Let's remember the stated purpose of this test is to measure student growth. In order to show growth, you must use an instrument that shows where the student begins. Remember those first graders who are just learning to write their name when they begin the year? What does this measure for them? All it tells me is that they can't read at end of year standards yet. Thanks, I already knew that. What it doesn't tell me is which letters or letter sounds they can already identify, phonemic awareness (rhyming, alliteration) concepts of print, sight word recognition, vocabulary...the list goes on.
Then comes Q3 and what do I learn? What? That child who couldn't write his name in September still can't read? But, how many letters does he know now, which sounds can he identify...you get the point. According to Q3, there has been NO growth. Same for Q4 - still can't read those four stories, questions and answer choices? Is it correct to say this child has shown no growth? Absolutely not. In fact, some students could show up to a year and a half's worth of growth and it would not be measured on this assessment. So I have failed as a teacher, he has failed as a student and the school should be penalized. Right?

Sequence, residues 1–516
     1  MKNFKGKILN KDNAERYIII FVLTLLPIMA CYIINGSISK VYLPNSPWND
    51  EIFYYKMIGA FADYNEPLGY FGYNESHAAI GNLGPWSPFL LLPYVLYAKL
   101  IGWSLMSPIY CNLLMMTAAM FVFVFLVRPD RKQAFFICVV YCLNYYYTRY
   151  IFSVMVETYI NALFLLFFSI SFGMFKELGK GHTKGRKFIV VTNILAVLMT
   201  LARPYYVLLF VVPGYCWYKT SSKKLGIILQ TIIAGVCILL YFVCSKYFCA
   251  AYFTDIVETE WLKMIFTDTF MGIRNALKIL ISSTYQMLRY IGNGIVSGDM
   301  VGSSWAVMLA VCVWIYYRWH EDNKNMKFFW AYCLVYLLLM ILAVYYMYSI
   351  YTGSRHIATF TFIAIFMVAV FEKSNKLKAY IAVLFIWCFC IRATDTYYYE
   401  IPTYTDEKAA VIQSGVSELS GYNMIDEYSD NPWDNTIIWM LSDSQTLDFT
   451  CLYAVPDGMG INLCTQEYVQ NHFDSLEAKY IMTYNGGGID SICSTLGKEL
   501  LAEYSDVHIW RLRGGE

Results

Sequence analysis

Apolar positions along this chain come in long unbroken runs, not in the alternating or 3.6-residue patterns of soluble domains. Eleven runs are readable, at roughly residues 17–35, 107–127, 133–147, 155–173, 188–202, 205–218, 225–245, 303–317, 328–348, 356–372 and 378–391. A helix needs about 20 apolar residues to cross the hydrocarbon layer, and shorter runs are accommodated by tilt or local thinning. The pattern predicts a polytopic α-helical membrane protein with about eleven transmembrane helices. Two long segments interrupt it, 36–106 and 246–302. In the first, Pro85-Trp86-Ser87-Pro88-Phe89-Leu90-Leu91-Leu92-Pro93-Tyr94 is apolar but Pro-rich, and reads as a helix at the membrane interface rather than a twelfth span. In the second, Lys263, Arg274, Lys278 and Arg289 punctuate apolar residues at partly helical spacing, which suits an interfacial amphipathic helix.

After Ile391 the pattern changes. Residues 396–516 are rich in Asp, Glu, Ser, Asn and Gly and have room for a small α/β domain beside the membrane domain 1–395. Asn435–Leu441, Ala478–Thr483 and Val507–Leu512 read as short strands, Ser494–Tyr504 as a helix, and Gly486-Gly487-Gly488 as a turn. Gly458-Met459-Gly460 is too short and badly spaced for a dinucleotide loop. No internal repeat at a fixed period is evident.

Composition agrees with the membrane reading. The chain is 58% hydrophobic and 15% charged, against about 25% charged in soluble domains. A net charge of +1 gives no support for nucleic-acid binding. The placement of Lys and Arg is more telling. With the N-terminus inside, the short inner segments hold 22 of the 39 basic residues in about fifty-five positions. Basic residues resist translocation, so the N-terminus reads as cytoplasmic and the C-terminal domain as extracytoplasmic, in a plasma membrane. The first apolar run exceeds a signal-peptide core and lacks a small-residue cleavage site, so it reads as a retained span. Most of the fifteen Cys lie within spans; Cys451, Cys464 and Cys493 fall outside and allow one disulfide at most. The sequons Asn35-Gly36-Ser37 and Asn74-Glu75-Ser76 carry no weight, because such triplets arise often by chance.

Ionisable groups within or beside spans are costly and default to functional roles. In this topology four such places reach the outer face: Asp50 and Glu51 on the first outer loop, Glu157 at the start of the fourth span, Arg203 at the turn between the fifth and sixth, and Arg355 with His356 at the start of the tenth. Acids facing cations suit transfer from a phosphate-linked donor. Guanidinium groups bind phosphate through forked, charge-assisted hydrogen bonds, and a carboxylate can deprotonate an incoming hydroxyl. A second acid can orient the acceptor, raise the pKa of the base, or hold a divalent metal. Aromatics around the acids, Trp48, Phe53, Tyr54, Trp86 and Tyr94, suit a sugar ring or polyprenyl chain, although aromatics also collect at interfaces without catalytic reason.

Let me introduce you to Bob. Bob could read at grade level when we assessed with Q2. In fact, using the measures in our core reading program, he was slightly above average. Bob knew he could read. His teacher had convinced him he could read. His parents had told him how proud they were of his reading ability. Robert was an able, confident reader and had a positive attitude towards reading. He opened that test booklet and began to read. Alas, it was written to end of year standards. He tried and he tried, but in the end, he put his head down and cried inconsolably for the next hour. After lots of soft words, gentle hugs and assurances that the test wasn't important, not to worry, I wiped his tears and sent the class to lunch. Then I closed my door, put my head on my desk and cried along with him.